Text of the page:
On 29 June 2010, the Paris Court of Appeal (the
"Court") annulled a cartel fine imposed on a railway
maintenance firm, Offroy, because the French Competition Authority
(the "Authority") lacked sufficient evidence to prove
that the company had taken part in a cartel.
Moreover, the fines imposed on two other companies, Vecchietti
and ETF, were reduced. The Court ruled that the Authority had
wrongly increased the fines for recidivism, noting that the
Authority had mistakenly taken into account a cartel infringement
that occurred after the exchange of information
However, the additional appeals of two other companies, Colas
Rail and Pichenot Bouille, were rejected. In addition, all
claims concerning the authorisations of the dawn raids, which may
have allowed the Authority to prove the existence of a cartel, were
On 29 July 2009, the Authority had fined the five railway
maintenance firms a total of €4.2 million for exchanging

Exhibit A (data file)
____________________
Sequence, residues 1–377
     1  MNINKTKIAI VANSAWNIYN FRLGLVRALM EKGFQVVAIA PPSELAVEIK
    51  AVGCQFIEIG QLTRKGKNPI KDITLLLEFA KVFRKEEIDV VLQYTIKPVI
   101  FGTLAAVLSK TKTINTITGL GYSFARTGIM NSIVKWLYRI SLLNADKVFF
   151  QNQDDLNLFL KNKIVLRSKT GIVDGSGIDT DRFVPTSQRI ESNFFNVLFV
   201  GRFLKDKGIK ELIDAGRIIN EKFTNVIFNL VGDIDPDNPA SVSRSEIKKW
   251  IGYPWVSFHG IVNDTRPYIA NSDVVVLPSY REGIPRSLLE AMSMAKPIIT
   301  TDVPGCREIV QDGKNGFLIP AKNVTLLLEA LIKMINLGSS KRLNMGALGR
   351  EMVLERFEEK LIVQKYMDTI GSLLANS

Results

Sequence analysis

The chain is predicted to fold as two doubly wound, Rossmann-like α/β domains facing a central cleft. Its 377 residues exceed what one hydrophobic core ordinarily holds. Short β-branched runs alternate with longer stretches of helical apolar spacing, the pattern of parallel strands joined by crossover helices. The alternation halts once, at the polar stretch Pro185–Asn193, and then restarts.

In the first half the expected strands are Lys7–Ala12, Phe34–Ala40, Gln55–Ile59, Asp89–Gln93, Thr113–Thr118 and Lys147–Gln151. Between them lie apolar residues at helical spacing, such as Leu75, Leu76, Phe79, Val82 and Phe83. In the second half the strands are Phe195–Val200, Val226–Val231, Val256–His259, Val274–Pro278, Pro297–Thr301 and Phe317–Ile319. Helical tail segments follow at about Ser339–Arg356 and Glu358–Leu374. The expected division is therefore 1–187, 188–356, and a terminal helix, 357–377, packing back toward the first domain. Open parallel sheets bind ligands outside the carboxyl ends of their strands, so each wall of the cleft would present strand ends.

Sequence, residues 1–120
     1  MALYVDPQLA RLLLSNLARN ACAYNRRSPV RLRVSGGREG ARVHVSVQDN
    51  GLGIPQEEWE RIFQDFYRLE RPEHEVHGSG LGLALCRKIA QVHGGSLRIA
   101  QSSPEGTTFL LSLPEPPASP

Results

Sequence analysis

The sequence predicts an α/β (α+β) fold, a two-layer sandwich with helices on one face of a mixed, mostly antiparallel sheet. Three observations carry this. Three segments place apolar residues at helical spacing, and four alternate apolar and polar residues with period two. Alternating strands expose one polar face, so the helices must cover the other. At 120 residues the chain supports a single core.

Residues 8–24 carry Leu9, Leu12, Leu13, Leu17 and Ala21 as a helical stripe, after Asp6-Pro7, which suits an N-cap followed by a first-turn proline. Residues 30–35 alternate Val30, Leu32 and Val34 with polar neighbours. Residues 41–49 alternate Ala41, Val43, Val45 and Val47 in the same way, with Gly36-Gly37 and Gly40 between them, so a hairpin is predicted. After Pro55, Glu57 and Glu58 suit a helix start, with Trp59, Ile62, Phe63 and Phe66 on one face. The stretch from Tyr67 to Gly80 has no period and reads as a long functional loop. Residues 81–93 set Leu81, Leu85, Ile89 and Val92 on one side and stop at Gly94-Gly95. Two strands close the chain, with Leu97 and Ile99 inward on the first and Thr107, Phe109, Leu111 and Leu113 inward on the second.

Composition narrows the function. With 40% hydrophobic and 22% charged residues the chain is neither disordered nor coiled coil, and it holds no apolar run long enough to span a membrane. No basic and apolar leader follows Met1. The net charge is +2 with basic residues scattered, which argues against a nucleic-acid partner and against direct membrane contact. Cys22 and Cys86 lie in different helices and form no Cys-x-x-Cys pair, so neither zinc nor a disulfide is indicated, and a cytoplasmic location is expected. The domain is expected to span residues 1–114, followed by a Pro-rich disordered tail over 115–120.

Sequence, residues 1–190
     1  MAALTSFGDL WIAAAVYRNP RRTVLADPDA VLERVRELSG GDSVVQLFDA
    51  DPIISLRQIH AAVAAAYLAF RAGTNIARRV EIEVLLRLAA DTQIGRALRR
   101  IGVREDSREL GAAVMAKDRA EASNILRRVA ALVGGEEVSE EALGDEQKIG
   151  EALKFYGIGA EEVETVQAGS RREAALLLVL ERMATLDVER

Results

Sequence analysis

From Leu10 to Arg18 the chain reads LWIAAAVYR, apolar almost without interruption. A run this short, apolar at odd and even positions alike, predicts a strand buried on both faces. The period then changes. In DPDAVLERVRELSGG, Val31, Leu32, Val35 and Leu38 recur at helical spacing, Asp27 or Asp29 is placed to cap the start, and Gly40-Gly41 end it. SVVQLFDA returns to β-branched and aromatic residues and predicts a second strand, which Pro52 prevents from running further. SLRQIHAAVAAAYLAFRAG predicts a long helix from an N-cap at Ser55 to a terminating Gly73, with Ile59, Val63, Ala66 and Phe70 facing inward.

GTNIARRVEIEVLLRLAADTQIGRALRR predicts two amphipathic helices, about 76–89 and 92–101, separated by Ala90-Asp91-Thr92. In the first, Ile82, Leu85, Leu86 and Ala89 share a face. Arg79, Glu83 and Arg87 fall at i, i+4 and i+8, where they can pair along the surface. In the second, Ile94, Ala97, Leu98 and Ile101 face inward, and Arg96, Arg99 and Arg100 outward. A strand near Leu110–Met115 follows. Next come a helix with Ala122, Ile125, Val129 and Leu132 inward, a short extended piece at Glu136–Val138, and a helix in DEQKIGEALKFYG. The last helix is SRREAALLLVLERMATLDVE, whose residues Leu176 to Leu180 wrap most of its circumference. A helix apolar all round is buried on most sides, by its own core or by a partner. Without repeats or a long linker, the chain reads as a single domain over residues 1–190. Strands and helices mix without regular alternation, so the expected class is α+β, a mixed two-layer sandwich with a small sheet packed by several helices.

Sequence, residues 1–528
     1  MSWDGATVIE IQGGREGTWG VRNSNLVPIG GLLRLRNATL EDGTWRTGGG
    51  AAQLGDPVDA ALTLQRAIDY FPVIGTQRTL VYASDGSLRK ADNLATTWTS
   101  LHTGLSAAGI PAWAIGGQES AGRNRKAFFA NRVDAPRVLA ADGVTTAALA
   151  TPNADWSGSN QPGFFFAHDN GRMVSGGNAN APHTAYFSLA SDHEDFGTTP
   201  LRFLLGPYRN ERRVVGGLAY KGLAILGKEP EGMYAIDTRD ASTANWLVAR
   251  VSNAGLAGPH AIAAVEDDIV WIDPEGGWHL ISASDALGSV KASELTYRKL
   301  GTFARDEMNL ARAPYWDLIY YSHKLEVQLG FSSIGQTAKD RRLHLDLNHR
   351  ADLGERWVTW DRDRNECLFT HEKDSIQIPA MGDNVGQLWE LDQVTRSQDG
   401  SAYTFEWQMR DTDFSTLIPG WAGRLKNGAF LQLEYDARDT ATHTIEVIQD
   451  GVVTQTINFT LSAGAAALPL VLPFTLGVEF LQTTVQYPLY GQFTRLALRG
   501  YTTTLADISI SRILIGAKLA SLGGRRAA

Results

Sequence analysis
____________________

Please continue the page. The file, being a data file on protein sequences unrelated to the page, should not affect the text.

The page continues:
information before submitting bids in response to a tender
As a consequence of the Court's ruling, Offroy has been
relieved of its €500,000 fine and allegations of its
involvement in the cartel have been retracted since the evidence
collected by the Authority was insufficient to prove its
involvement. Furthermore, the Court reduced the fines of
Vecchietti and ETF respectively from €200,000 to
€180,000 and from €1.2 million to €1.08
To view Community Week, Issue 479; 9 July 2010 in full,
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The Damages Directive, which seeks to promote and harmonise the private enforcement of EU competition law before national courts across the European Union – and which was first published in December 2014 after more than ten years of debate – was due to be transposed into national law by each Member State by 27 December 2016
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